(1) No person may maintain an action for legal or equitable relief or a defense based upon a failure to perform an alleged promise, undertaking, accepted offer, commitment, or agreement:
(a) to lend or borrow money;
(b) to defer or forbear in the repayment of money; or
(c) to renew, modify, amend, or cancel a loan of money or any provision with respect to a loan of money, involving in any such case a principal amount in excess of fifty thousand dollars, unless the party seeking to maintain the action or defense has received a writing from the party to be charged containing the material terms and conditions of the promise, undertaking, accepted offer, commitment, or agreement and the party to be charged, or its duly authorized agent, has signed the writing.
If there is no written agreement, you cannot sue for breach of contract, negligent misrepresentation, or equitable remedies like promissory estoppel:
(2) Failure to comply with subsection (1) precludes an action or defense based on any of the following legal or equitable theories:
(a) an implied agreement based on course of dealing or performance or on a fiduciary relationship;
(b) promissory or equitable estoppel;
(c) part performance, except to the extent that the part performance may be explained only by reference to the alleged promise, undertaking, accepted offer, commitment, or agreement; or
(d) negligent misrepresentation.
Although the statute of frauds prevents most lawsuits based on breach of loan agreements where there is no written agreement, there are some exceptions to the rule.
Exceptions to SC’s Lender Statute of Frauds
SC Code Section 37-10-107 contains exceptions to the rule requiring a written agreement:
(3) Subsections (1) and (2) do not apply to:
(a) a loan of money used primarily for personal, family, or household purposes;
(b) an agreement or change in the terms of an agreement relating to a line of consumer credit, lender credit card, or similar arrangement;
(c) an overdraft on a demand deposit or other bank account; or
(d) promissory notes, real estate mortgages, security agreements, guaranty and surety agreements, and letters of credit.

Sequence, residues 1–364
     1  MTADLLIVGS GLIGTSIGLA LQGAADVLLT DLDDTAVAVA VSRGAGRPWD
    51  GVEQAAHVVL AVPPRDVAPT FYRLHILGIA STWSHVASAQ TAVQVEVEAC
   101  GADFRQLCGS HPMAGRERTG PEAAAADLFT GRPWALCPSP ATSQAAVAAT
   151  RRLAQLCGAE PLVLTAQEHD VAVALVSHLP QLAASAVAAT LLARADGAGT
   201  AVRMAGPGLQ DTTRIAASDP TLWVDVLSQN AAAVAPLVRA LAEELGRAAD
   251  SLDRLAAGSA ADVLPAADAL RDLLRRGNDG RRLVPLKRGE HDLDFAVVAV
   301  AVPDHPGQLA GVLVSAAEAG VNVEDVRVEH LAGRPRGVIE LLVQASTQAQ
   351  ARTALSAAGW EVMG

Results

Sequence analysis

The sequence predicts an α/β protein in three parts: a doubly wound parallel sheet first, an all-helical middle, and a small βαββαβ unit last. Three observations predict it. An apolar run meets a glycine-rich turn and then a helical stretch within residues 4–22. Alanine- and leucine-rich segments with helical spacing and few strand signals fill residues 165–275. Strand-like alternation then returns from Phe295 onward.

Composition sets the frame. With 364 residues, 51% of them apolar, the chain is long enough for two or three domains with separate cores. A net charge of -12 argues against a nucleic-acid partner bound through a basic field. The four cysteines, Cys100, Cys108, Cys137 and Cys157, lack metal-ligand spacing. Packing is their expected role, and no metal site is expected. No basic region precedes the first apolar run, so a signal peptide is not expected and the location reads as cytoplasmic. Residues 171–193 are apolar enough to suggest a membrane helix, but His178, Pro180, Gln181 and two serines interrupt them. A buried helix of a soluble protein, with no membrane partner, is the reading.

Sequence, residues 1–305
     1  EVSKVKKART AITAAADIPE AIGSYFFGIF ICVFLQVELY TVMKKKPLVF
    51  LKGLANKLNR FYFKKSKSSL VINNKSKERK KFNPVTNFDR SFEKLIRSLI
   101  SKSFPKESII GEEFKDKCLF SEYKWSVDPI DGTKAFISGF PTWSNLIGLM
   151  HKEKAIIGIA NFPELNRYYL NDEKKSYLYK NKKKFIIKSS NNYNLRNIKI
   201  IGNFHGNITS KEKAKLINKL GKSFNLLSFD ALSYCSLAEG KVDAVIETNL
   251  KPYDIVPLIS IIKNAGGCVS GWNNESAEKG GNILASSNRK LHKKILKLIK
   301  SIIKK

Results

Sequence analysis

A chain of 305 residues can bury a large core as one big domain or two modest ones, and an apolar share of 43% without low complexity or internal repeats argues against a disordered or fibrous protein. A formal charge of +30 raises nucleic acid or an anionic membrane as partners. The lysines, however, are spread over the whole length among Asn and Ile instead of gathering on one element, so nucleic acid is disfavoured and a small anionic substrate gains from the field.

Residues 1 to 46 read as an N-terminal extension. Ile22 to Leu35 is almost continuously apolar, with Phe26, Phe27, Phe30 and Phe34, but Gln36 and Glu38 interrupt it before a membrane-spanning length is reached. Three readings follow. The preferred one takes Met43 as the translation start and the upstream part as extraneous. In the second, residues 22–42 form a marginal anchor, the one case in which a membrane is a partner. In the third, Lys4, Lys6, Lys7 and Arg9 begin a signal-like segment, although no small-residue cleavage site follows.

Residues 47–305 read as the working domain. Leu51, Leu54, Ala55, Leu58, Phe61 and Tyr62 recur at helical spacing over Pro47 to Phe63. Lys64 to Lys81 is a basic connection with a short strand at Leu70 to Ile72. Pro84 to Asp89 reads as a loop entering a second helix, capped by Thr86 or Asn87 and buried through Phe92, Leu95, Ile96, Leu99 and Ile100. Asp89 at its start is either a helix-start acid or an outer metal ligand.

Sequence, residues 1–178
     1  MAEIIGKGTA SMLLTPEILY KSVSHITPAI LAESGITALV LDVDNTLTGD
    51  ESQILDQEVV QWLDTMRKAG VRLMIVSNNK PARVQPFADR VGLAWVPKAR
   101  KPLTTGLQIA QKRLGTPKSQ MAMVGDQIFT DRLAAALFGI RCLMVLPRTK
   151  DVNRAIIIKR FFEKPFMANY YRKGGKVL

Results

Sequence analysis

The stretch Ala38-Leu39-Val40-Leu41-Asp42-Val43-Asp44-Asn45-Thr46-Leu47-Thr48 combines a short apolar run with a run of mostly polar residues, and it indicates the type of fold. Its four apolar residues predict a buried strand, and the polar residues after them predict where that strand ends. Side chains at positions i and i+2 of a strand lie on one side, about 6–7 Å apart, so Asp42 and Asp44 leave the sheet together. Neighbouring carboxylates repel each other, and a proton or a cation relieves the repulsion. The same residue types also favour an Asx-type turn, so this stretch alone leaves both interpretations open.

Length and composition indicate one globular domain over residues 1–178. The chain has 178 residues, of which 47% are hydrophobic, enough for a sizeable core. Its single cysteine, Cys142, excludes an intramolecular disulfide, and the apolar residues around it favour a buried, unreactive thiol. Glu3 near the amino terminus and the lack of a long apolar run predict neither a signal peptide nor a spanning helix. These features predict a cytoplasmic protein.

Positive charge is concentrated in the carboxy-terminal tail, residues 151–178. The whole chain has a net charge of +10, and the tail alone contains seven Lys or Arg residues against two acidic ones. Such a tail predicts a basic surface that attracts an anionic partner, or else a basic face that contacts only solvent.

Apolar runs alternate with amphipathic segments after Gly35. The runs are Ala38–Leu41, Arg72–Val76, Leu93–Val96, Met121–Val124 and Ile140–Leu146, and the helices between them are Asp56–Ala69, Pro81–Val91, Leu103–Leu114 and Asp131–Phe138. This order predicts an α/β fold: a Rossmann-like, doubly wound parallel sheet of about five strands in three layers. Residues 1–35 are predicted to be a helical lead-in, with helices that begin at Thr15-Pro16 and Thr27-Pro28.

(4) In the event of a conflict between this section and any other provision of law of this State relating to the requirement of a signed writing, the provisions of the other provision of law shall control.
In the case I referenced above, Kagan argued that he should fall into the exception for “a loan of money used primarily for personal, family, or household purposes.”
This argument failed, however, because the testimony clearly showed that the borrower used the funds for business purposes – “she routinely engages in this practice as a means of providing an alternate financing option for Greenwood Realty clients who are unable to obtain mortgages from commercial lenders.”
Why Do I Need a Contract Attorney?
Although “a handshake, a look in the eye, and a personal relationship” might be enough to enforce some contracts, along with evidence of the existence and terms of the agreement, there are far too many rules and exceptions to the rules in contract law to take a chance on losing your investment.
Your business litigation contract attorney will help you to:
- Avoid litigation by clearly defining the terms of your agreements;
- Enforce your written contracts without filing suit whenever possible; and
- Sue for breach of contract when it is necessary to recover your funds.
Kagan might tell you that the expense of consulting your contract attorney before entering any business agreement is well worth the security of knowing that the terms of your agreement are well-defined and enforceable.